As it stands now, the rules of succession in all hereditary European monarchies are determined by two essential principles. As you stated, the first is the rule that birth order determines precedence. The second is that a child is the heir of their parent (or any other direct ancestor), and upon the death of a parent, his or her rights to the throne are transferred to his or her descendant(s).

Thus, if Charles dies while he is the heir to the throne, his dynastic rights as the oldest son pass to his own oldest son William, who will inherit the throne as if he himself were the oldest son of Queen Elizabeth.

I am not sure how long this system has been in place in the UK, but I recommend researching the laws of property inheritance in England as they are the foundation of the laws of succession to the British crown.


There is a thread dedicated to British line of succession here: https://www.theroyalforums.com/forum...one-44513.html


Quote:
Originally Posted by Countessmeout View Post
It has always been the way.
No, not always. As with much of British common law, the laws of inheritance developed over time.

See this research briefing for information.


Quote:
Originally Posted by TLLK View Post
The new succession rules were put into place in 2013.
The bill was passed in 2013 but only came into force in 2015.
Reply With Quote
  #5  
Old 02-06-2021, 12:15 PM
Newbie
 
Join Date: Feb 2021
Location: Portsmouth, United Kingdom
Posts: 3
Ah, so if say Charles had a child out of wedlock before William, say joe, even though joe is Charles oldest son, it will be William who would still become king. Would joe be able to contest this?

And yes I mean the queen of the United Kingdom and other commonwealth nations as I am british when I say queen I mean Queen Elizabeth II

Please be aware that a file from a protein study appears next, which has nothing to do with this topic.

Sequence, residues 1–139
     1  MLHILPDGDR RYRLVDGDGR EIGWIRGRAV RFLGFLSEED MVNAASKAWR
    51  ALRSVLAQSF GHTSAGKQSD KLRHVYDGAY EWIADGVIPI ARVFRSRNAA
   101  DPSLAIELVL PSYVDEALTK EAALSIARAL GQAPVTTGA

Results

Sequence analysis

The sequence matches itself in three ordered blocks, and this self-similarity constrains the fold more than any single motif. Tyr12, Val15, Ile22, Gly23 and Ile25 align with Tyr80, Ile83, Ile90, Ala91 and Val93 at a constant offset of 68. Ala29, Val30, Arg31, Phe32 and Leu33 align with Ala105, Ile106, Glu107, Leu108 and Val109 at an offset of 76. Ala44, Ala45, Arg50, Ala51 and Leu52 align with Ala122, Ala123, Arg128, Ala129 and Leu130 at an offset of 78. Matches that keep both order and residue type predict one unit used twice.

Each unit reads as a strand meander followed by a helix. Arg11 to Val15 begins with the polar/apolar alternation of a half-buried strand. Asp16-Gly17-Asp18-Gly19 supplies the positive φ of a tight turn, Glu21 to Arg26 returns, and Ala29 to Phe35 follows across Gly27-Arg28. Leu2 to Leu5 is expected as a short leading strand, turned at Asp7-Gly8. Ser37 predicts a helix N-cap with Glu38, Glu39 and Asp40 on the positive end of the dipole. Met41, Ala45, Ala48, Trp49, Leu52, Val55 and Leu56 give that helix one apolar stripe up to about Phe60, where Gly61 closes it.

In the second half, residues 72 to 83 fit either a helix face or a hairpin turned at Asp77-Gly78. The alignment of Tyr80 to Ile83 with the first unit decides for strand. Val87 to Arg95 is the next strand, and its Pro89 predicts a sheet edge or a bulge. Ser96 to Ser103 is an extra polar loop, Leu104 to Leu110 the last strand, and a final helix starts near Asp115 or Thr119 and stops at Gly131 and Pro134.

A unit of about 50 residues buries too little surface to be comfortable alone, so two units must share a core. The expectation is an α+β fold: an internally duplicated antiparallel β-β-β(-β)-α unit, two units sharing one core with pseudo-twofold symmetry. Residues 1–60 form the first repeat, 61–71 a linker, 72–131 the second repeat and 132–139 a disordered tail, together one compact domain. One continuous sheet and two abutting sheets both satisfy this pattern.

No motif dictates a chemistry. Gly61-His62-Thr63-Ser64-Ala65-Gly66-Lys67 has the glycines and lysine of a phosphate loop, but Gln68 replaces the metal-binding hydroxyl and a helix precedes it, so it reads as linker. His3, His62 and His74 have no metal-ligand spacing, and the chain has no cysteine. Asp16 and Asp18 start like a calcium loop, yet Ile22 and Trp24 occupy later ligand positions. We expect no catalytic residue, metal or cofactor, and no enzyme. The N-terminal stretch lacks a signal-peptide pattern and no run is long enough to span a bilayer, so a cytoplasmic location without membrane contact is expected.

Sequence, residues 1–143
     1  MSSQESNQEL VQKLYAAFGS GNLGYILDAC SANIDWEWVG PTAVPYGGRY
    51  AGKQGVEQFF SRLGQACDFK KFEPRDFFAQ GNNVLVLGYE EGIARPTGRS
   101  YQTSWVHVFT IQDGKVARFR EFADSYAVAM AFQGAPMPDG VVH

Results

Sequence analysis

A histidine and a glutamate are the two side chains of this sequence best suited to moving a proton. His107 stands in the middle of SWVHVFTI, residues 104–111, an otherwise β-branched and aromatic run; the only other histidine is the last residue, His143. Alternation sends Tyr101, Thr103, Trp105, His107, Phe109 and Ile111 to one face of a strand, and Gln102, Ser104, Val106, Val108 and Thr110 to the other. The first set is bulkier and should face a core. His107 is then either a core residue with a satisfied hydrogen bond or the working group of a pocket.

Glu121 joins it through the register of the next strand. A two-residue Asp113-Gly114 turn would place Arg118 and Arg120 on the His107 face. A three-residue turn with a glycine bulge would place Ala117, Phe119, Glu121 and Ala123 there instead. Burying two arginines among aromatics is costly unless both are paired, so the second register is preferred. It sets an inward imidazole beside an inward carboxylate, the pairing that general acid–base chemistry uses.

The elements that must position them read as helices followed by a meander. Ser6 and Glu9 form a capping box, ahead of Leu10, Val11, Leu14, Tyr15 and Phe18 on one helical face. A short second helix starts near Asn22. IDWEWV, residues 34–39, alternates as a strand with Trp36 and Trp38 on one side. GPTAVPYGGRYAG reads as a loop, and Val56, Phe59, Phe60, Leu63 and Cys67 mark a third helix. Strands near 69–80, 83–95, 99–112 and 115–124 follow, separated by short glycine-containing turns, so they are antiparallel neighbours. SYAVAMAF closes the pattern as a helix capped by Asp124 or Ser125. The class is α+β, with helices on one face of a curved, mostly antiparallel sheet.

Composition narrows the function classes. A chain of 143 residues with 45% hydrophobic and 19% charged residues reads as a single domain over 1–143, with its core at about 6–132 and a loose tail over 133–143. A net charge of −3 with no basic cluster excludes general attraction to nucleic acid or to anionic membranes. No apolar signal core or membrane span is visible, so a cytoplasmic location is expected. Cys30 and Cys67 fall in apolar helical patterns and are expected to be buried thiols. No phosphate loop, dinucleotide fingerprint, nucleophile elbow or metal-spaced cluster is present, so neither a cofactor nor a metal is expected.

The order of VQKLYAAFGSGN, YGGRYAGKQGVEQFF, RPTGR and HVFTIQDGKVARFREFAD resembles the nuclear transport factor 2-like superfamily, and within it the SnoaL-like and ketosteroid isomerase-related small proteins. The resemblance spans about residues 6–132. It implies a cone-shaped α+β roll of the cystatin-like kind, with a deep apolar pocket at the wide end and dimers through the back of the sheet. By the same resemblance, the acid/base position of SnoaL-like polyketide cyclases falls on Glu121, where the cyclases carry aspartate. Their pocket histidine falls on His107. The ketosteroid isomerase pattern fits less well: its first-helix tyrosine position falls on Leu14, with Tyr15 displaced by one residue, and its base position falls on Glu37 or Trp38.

Reply With Quote
  #6  
Old 02-06-2021, 12:26 PM
Majesty
 
Join Date: May 2014
Location: Pittsburgh, United States
Posts: 6,592
Quote:
Originally Posted by Gaogier View Post
Ah, so if say Charles had a child out of wedlock before William, say joe, even though joe is Charles oldest son, it will be William who would still become king. Would joe be able to contest this?

No, he would not. Illegitimate children are excluded from the line of succession to the Crown.
Reply With Quote
  #7  
Old 02-06-2021, 12:30 PM
Heir Apparent
 
Join Date: Oct 2013
Location: St Thomas, U.S. Minor Outlying Islands
Posts: 3,194
Quote:
Originally Posted by Gaogier View Post
Ah, so if say Charles had a child out of wedlock before William, say joe, even though joe is Charles oldest son, it will be William who would still become king. Would joe be able to contest this?
I am not aware of any rule which would immediately disqualify Joe from filing a lawsuit to contest the Act of Settlement (the statute which formalized the limitation to children born in wedlock), although my knowledge of this subject is limited.

However, I think his probability of success would be dim. The similar rules which regulate succession to British peerages have not been successfully contested so far, whether in court or in Parliament.
Reply With Quote
  #8  
Old 02-06-2021, 12:30 PM
Newbie
 
Join Date: Feb 2021
Location: Portsmouth, United Kingdom
Posts: 3
Thank you all from answering my question... if I think of anything else or another question I shall be back
Reply With Quote
  #9  
Old 02-06-2021, 12:42 PM
Countessmeout's Avatar
Imperial Majesty
 
Join Date: Sep 2011
Location: alberta, Canada
Posts: 12,726
Quote:
Originally Posted by Tatiana Maria View Post
Welcome to the forum, Gaogier. That is a good question.